Essay on Rodman V. New Mexico Employment Security Department, 764 P.2d 1316 (N.M. 1988)

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Rodman v. New Mexico Employment Security Department, 764 P.2d 1316 (N.M. 1988).

Facts: Ms. Rodman was an employee of Presbyterian Hospital for nearly eight years as a unit secretary. On February 17, 1987, the appellant was terminated under hospital personnel policies following a “third corrective action” notice. Ms. Rodman was reprimanded in June of 1986 in light of receiving an inordinate number of personal calls and visitors at her work station. The formal reprimand set forth conditions to prevent further corrective action. The conditions were as follows: no personal telephone calls during work hours outside of a designated break or dinner time, these are to occur in an area not visible to patients, physicians, or other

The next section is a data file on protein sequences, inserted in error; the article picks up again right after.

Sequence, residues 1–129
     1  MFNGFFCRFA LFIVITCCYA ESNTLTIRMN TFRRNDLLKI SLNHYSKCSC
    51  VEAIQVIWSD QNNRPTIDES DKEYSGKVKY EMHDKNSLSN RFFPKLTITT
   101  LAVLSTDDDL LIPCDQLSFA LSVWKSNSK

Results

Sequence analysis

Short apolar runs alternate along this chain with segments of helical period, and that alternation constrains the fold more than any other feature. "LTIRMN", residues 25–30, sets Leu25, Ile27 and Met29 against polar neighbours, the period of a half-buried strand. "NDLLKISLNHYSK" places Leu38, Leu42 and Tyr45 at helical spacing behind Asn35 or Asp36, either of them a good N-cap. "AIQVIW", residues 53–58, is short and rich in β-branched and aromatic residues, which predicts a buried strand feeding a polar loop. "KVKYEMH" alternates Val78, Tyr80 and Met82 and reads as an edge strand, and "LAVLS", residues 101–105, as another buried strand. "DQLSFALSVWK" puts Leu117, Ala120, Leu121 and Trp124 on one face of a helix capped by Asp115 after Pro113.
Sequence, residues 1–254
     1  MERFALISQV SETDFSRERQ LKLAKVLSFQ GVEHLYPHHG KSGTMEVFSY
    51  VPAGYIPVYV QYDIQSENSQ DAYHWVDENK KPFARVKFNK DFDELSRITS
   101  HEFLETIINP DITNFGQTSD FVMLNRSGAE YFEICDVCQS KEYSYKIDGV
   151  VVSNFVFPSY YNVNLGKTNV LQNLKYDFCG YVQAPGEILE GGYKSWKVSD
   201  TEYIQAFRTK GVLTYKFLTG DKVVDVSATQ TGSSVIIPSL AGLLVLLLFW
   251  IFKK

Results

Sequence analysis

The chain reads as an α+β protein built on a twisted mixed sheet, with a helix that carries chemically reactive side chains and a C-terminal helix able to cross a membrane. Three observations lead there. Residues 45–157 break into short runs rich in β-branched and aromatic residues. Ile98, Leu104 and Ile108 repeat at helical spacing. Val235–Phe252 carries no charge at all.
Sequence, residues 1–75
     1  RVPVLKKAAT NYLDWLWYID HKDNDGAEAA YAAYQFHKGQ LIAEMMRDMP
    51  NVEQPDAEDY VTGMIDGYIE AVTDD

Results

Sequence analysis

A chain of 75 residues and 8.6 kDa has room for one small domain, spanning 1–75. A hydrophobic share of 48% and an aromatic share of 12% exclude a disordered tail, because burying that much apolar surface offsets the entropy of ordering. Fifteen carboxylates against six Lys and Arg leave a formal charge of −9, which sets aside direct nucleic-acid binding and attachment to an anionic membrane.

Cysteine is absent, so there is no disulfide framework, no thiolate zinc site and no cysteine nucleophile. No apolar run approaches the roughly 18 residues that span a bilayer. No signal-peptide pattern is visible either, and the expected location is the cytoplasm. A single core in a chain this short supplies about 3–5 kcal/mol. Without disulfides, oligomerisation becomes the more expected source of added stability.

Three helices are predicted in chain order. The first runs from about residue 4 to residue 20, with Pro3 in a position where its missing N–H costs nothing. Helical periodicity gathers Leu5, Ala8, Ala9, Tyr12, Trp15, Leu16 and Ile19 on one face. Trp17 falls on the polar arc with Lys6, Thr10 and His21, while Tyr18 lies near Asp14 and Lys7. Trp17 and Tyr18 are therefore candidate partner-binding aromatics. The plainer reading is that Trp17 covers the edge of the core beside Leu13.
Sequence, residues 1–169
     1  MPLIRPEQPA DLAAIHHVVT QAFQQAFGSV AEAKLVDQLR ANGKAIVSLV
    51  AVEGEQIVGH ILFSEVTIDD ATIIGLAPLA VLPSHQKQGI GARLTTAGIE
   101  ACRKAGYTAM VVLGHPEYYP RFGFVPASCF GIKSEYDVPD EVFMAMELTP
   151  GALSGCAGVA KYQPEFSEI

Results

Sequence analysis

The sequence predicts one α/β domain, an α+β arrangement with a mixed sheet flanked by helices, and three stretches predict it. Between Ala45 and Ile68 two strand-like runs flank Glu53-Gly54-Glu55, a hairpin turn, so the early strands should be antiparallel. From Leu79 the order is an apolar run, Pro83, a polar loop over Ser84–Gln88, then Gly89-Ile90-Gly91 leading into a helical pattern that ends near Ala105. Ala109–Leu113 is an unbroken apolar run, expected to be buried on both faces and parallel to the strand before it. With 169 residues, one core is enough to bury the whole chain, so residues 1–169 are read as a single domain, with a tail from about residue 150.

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In Mitchell when an employee has not acted with “fault”, he or she has not sacrificed a reasonable expectation in continued financial security such as may be afforded by accrued unemployment compensation benefits. It is therefore possible for an employee to have been properly discharged without having acted willful or wanton disregard for an employer’s interests as would justify denial of benefits. Alonzo v. New Mexico Employment Security Department, 101 N.M. 770, 689 P.2d 286
(1984), stated that even an act of willful disobedience which leads to termination will not always rise to the level of “misconduct” when the act is an isolated incident in an otherwise favorable employment history and the incident does not cause a significant disruption of the employer’s legitimate interests.
Mitchell v. Lovington Good Samaritan Center, Inc., 89 N.M. 575, 555 P.2d 696 (1976), is an example of a time when the courts have been confronted with a series of minor infractions by the employee, where each incident showed a willful